How leading tech companies decide which ideas make the cut

Generating new ideas is what keeps companies – particularly those in the technology field – humming.

“We understand that tomorrow’s profits will not come from today’s products,” said Luke Mansfield, the director of Samsung Electronics’ innovation team in Europe.

With ideas flowing, how do leaders in innovation such as Samsung and IBM decide which new concepts are worth investing in?

Samsung is on the lookout for two key ingredients, Mansfield said.

The first ingredient: “Something that feels a little bit enchanted, magical; people love that,” he said.

The second ingredient: “Something that is genuinely useful.”

“If you have those two,” Mansfield said, “you have got a good product.”

Samsung spends a lot of time observing how its customers go about their day-to-day lives, which provides a keen sense of the kinds of products they would like, he said. 

Mansfield’s comments came during a session on innovation at London Business School’s Global Leadership Summit last month.

He was joined by Rashik Parmar, president of IBM’s Academy of Technology; Costas Markides, professor of strategy and entrepreneurship at London Business School; and Tom Hulme, design director at IDEO. Among the subjects discussed were the impact of radical disruptive innovations, the pros and cons of crowdsourcing, and ways to prevent ideas from getting lost in translation.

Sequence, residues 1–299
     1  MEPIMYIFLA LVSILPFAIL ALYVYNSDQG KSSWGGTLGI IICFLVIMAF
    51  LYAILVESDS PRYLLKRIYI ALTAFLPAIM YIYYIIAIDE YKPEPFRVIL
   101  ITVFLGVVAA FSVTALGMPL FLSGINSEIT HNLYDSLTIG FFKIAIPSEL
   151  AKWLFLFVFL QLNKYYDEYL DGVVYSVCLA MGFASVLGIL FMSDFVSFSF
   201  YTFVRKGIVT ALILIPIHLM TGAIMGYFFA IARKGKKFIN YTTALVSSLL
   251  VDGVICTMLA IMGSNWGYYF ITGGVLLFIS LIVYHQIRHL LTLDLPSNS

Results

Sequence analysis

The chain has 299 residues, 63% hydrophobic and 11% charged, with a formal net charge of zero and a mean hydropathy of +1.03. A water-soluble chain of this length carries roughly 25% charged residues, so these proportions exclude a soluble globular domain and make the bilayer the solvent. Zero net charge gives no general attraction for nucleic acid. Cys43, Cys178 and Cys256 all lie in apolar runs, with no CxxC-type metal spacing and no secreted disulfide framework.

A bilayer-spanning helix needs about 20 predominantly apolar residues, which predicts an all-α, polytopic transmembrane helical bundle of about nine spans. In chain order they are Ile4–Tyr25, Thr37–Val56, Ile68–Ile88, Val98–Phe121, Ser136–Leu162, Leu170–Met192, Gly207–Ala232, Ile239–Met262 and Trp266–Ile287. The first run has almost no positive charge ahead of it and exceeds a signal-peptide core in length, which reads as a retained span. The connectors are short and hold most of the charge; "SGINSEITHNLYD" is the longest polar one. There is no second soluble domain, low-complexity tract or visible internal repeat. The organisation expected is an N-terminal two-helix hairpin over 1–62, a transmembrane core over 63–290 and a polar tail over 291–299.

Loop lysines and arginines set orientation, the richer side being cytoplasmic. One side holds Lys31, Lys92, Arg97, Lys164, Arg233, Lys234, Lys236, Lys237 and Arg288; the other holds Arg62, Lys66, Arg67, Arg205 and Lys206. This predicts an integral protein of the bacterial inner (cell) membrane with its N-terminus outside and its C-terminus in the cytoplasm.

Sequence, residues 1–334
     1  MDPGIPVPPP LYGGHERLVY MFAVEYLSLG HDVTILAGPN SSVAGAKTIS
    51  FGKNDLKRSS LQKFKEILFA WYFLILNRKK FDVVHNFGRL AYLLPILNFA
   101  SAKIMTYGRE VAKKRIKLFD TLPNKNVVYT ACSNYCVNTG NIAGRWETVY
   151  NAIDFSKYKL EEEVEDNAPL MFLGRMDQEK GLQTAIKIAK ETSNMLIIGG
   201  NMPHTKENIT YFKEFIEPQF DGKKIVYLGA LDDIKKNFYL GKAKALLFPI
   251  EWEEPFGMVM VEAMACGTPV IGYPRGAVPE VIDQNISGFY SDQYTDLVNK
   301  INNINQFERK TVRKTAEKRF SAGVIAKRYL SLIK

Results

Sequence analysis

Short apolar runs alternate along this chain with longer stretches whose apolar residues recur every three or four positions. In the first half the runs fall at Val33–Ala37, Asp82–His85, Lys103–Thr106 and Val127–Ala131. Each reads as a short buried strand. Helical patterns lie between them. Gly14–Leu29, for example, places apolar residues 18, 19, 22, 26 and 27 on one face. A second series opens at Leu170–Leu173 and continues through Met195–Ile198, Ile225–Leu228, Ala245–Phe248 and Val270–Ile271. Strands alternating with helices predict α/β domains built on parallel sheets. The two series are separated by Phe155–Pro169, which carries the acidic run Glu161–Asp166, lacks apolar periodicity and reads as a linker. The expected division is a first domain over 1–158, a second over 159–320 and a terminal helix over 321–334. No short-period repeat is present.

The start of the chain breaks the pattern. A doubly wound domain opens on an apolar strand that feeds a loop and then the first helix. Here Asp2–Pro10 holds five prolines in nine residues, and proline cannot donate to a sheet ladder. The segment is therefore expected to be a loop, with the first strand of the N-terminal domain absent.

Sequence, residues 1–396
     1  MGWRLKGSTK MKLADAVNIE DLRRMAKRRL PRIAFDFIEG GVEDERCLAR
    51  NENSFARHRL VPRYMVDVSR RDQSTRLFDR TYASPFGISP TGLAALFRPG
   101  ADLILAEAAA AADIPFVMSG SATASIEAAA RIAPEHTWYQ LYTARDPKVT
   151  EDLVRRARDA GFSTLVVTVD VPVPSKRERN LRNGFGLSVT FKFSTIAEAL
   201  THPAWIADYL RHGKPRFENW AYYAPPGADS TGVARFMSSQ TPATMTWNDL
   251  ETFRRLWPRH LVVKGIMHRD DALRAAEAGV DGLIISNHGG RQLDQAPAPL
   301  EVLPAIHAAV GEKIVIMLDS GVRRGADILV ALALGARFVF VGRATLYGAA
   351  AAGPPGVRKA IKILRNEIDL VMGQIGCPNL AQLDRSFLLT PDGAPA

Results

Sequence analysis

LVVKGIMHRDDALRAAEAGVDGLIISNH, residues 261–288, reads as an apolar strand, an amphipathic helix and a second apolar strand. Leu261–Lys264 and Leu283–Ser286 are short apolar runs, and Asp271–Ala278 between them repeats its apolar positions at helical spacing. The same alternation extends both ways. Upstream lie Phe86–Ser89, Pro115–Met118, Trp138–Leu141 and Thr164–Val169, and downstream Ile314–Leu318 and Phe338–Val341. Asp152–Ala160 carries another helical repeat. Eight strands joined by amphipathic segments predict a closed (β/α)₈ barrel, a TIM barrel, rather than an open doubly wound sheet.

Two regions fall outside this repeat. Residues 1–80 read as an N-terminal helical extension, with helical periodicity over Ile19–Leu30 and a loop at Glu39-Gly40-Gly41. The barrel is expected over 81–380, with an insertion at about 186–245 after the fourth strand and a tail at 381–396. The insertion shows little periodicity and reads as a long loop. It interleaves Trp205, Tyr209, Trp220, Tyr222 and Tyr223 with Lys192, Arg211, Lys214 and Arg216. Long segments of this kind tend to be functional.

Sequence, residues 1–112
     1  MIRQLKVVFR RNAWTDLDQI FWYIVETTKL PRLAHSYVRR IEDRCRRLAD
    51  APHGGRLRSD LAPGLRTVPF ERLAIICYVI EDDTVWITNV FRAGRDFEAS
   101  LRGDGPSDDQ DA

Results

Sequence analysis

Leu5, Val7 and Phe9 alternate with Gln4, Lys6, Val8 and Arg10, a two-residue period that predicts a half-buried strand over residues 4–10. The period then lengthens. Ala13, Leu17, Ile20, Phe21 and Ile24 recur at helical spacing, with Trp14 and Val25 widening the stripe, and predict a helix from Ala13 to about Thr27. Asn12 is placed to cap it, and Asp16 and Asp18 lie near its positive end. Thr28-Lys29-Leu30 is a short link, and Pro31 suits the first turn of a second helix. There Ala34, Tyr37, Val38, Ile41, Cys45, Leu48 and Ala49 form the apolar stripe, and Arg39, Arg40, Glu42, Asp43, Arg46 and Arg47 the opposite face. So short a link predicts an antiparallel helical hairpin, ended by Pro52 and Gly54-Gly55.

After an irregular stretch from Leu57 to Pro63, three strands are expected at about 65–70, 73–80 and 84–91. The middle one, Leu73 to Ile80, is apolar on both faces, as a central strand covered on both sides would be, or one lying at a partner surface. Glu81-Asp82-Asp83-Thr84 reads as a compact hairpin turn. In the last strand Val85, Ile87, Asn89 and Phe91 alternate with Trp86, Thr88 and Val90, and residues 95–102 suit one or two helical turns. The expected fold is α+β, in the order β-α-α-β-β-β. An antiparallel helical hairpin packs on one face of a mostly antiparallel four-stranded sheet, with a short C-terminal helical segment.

Early testing is crucial and increasingly easy

At IBM, the criteria used to select ideas with potential are “the client value, the do-ability of it, and ultimately what’s the potential value for us,” Parmar said.

The experts agreed that it is crucial to test out ideas as early as possible, whether through a controlled experiment or building a prototype, and observed that this is becoming easier as technology continues to reduce the cost of bringing ideas to life.

In this development and testing phase, it’s vital that concepts are given an adequate level of support and that decision-makers allow fair competition between ideas rather than protecting an existing technology or position at the expense of a future one.

IDEO, a design consultancy, encourages teams to challenge one another’s assumptions and develop a concept, Hulme said. When a group coalesces around an idea, it’s a great sign, whereas bad ideas often create inertia in the organisation and filter themselves out. The process is made more objective when ideas are not made proprietary or attached to an individual’s self-esteem, Hulme added.

Larger, less agile corporations may not be able to compete with start-ups in terms of speed of innovation, but there is still a role for them to play in disruptive innovations. Discovery and scaling up are both important parts of the process, Markides said, and while many such discoveries are made by small start-ups, they are less able to achieve scale than larger firms, so a partnership may be of mutual benefit.

Samantha White ( is a CGMA Magazine senior editor.